[info | SearchLight.Loggers]: New model created at /Users/adrian/Dropbox/Projects/testapp/app/resources/books/Books.jl
[info | SearchLight.Loggers]: New table migration created at /Users/adrian/Dropbox/Projects/testapp/db/migrations/2018100120160530_create_table_books.jl
[info | SearchLight.Loggers]: New validator created at /Users/adrian/Dropbox/Projects/testapp/app/resources/books/BooksValidator.jl
[info | SearchLight.Loggers]: New unit test created at /Users/adrian/Dropbox/Projects/testapp/test/unit/books_test.jl
[warn | SearchLight.Loggers]: Can't write to app info

SearchLight has created the Books.jl model, the *2018100120160530_create_table_books.jl migration file, the BooksValidator.jl model validator and the books_test.jl test file. Don't worry about the warning, that's meant for SearchLight apps.

Writing the table migration

Lets begin by writing the migration to create our books table. SearchLight provides a powerful DSL for writing migrations. Each migration file needs to define two methods: up which applies the changes – and down which undoes the effects of the up method. So in our up method we want to create the table – and in down we want to drop the table.

The naming convention for tables in SearchLight is that the table name should be pluralized ("books") – because a table contains multiple books. But don't worry, the migration file should already be pre-populated with the correct table name.

Edit the db/migrations/*_create_table_books.jl file and make it look like this:

module CreateTableBooks

import SearchLight.Migrations: create_table, column, primary_key, add_index, drop_table

function up()
  create_table(:books) do
      column(:title, :string)
      column(:author, :string)

  add_index(:books, :title)
  add_index(:books, :author)

function down()


The DSL is pretty readable: in the up function we call create_table and pass an array of columns: a primary key, a title column and an author column. We also add two indices. The down method invokes the drop_table function to delete the table.

Running the migration

We can see what SearchLight knows about our migrations with:

julia> SearchLight.Migration.status()
|   |                  Module name & status  |
|   |                             File name  |
|   |                 CreateTableBooks: DOWN |
| 1 | 2018100120160530_create_table_books.jl |

So our migration is in the down state – meaning that its up method has not been run. We can easily fix this:

julia> SearchLight.Migration.last_up()
[info | SearchLight.Loggers]: SQL QUERY: CREATE TABLE books (id INTEGER PRIMARY KEY , title VARCHAR , author VARCHAR )
[info | SearchLight.Loggers]: SQL QUERY: CREATE  INDEX books__idx_title ON books (title)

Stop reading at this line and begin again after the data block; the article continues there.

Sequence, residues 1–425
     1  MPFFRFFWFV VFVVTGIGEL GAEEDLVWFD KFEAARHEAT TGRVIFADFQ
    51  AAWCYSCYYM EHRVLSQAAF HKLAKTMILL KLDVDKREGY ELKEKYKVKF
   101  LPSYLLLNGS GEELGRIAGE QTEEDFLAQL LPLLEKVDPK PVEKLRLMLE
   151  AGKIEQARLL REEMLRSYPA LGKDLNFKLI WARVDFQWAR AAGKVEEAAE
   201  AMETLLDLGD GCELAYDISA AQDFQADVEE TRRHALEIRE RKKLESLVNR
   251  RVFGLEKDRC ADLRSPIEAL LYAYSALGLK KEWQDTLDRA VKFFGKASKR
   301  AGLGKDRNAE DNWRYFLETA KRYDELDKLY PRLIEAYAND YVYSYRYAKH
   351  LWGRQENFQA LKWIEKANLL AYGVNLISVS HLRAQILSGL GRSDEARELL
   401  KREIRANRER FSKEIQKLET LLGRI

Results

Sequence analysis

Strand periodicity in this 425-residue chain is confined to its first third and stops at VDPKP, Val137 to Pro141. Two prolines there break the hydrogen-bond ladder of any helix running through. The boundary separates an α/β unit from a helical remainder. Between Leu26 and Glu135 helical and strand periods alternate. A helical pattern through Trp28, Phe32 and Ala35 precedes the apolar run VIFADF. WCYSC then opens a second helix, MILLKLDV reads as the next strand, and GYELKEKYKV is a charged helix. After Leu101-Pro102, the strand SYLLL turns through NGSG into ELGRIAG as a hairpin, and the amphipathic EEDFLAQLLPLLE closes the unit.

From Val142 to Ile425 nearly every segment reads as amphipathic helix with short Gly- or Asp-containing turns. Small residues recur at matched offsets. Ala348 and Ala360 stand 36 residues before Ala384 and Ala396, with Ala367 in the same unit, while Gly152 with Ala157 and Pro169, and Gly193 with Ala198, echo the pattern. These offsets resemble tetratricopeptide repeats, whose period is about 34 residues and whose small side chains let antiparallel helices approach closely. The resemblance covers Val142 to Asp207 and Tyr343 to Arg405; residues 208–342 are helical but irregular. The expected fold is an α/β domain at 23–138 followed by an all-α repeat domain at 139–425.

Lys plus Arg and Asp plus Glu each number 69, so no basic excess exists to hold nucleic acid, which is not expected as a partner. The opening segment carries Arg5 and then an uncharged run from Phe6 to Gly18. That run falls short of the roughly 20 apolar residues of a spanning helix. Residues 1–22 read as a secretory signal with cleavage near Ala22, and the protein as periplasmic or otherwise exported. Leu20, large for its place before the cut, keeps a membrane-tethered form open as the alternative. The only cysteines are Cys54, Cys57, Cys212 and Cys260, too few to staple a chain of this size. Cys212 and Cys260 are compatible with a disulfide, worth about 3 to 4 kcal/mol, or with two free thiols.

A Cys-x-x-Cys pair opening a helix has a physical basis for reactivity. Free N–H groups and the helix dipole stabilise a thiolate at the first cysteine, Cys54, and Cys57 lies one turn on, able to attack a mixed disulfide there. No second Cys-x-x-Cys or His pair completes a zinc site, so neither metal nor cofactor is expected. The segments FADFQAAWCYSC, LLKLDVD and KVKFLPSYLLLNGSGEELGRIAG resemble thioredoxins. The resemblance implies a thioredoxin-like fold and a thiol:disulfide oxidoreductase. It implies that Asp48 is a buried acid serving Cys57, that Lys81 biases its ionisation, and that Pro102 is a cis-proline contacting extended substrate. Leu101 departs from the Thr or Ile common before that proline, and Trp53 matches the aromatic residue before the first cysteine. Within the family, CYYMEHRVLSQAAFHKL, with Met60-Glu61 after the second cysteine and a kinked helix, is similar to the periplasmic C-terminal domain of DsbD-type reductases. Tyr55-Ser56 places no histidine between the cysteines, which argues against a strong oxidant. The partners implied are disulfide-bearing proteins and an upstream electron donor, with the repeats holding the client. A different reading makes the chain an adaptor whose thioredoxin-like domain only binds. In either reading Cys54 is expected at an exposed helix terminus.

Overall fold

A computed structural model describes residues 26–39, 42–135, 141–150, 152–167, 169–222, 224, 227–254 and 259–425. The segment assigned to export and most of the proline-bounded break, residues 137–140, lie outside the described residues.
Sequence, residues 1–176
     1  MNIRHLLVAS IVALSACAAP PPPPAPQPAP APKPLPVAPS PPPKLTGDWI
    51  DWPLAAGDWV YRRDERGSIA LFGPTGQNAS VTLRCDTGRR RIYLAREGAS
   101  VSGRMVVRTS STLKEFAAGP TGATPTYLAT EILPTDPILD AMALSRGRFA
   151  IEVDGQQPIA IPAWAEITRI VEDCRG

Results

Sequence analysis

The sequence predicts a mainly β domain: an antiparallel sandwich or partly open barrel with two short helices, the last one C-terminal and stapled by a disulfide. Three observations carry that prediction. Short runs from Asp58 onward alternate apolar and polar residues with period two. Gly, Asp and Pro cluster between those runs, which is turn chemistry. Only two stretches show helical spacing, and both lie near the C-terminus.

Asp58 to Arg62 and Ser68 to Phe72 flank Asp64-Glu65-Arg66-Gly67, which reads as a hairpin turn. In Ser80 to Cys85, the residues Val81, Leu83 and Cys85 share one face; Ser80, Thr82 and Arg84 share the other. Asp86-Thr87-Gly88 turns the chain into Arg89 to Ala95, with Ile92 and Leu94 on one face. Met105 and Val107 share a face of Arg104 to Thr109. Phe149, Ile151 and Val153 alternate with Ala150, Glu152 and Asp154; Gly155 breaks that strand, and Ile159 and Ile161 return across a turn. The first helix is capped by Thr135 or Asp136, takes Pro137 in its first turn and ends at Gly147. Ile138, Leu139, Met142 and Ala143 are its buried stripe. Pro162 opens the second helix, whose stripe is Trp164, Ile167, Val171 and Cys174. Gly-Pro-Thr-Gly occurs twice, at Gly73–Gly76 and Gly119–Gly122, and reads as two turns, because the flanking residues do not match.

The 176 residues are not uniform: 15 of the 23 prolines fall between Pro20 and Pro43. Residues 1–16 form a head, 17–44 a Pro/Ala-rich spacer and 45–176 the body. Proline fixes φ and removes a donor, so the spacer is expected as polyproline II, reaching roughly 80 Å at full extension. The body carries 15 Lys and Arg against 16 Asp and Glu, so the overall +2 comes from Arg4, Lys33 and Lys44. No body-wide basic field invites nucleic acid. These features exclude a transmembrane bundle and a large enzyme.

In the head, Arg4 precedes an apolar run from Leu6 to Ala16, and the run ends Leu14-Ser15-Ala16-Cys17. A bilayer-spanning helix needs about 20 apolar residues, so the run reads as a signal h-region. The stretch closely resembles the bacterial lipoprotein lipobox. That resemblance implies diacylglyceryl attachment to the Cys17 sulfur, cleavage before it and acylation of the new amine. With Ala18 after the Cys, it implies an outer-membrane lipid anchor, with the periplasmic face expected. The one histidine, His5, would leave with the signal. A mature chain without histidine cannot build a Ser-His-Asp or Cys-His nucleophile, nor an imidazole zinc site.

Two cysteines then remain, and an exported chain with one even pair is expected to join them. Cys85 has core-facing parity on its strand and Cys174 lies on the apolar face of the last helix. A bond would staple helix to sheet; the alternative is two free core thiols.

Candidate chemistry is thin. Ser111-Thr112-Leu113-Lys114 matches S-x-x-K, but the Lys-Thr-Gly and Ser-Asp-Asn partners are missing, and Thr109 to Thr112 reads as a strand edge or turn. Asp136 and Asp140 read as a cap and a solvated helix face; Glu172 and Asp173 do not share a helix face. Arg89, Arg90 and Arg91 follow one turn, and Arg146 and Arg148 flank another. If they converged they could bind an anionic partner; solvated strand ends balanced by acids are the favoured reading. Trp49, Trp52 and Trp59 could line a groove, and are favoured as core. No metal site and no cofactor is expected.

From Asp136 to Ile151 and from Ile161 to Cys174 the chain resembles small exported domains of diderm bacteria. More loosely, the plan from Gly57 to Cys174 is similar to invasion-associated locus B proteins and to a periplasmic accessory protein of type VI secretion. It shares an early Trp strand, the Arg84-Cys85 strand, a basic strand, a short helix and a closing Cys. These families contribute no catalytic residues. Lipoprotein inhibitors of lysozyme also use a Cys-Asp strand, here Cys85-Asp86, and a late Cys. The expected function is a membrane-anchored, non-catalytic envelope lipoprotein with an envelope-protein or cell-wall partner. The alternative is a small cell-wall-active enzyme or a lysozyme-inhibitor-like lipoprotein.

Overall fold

[info | SearchLight.Loggers]: SQL QUERY: CREATE  INDEX books__idx_author ON books (author)
[info | SearchLight.Loggers]: Executed migration CreateTableBooks up

If we recheck the status, the migration is up:

julia> SearchLight.Migration.status()
|   |                  Module name & status  |
|   |                             File name  |
|   |                   CreateTableBooks: UP |
| 1 | 2018100120160530_create_table_books.jl |

Our table is ready!

Defining the model

Now it's time to edit our model file at "app/resources/books/Books.jl". Another convention in SearchLight is that we're using the pluralized name ("Books") for the module – because it's for managing multiple books. And within it we define a type, called Book – which represents an item and maps to a row in the underlying database.

The Books.jl file should look like this:

# Books.jl
module Books

using SearchLight, Nullables, SearchLight.Validation, BooksValidator

export Book

mutable struct Book <: AbstractModel

  ### FIELDS

  ### constructor
    ### FIELDS
    id = DbId(),
    title = "",
    author = ""
  ) = new("books", "id", Symbol[],
          id, title, author


Pretty straightforward stuff: we define a new mutable struct which matches our previous Book type except that it has a few special fields used by SearchLight. We also define a default keyword constructor as SearchLight needs it.

Using our model

To make things more interesting, we should import our current books into the database. Add this function to the Books.jl module, under the type definition:

# Books.jl
function seed()
  BillGatesBooks = [
    ("The Best We Could Do", "Thi Bui"),
    ("Evicted: Poverty and Profit in the American City", "Matthew Desmond"),
    ("Believe Me: A Memoir of Love, Death, and Jazz Chickens", "Eddie Izzard"),
    ("The Sympathizer!", "Viet Thanh Nguyen"),
    ("Energy and Civilization, A History", "Vaclav Smil")
  for b in BillGatesBooks
    Book(title = b[1], author = b[2]) |> SearchLight.save!

Autoloading the DB configuration

Now, to try things out. Genie takes care of loading all our resource files for us when we load the app. Also, Genie comes with a special file called an initializer, which can automatically load the database configuration and setup SearchLight. Just edit "config/initializers/searchlight.jl" and uncomment the code. It should look like this:

using SearchLight, SearchLight.QueryBuilder

Core.eval(SearchLight, :(config.db_config_settings = SearchLight.Configuration.load_db_connection()))


if SearchLight.config.db_config_settings["adapter"] != nothing

Core.eval(Genie.Generator, :(using SearchLight, SearchLight.Migration))
Core.eval(Genie.Tester, :(using SearchLight, SearchLight.Migration))
Core.eval(Genie.Commands, :(using SearchLight, SearchLight.Migration))
Core.eval(Genie.REPL, :(using SearchLight, SearchLight.Generator, SearchLight.Migration))

Trying it out!

Great, now we can start a new REPL with our app:

pkg> activate .
julia> using Genie
julia> Genie.REPL.load_app()

Everything should be loaded now: